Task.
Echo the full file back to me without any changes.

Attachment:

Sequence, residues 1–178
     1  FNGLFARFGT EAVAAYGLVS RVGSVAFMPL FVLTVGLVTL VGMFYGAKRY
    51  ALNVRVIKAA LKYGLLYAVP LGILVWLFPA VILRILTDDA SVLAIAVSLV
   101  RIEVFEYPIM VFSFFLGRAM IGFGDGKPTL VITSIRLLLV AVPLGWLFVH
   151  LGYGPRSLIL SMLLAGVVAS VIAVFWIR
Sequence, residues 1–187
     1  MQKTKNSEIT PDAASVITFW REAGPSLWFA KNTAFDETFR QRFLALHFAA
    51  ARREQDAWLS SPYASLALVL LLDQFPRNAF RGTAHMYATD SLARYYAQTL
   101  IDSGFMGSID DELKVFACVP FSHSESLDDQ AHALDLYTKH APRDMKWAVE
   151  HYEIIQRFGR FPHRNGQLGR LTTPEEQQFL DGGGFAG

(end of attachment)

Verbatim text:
Sequence, residues 1–178
     1  FNGLFARFGT EAVAAYGLVS RVGSVAFMPL FVLTVGLVTL VGMFYGAKRY
    51  ALNVRVIKAA LKYGLLYAVP LGILVWLFPA VILRILTDDA SVLAIAVSLV
   101  RIEVFEYPIM VFSFFLGRAM IGFGDGKPTL VITSIRLLLV AVPLGWLFVH
   151  LGYGPRSLIL SMLLAGVVAS VIAVFWIR
Sequence, residues 1–187
     1  MQKTKNSEIT PDAASVITFW REAGPSLWFA KNTAFDETFR QRFLALHFAA
    51  ARREQDAWLS SPYASLALVL LLDQFPRNAF RGTAHMYATD SLARYYAQTL
   101  IDSGFMGSID DELKVFACVP FSHSESLDDQ AHALDLYTKH APRDMKWAVE
   151  HYEIIQRFGR FPHRNGQLGR LTTPEEQQFL DGGGFAG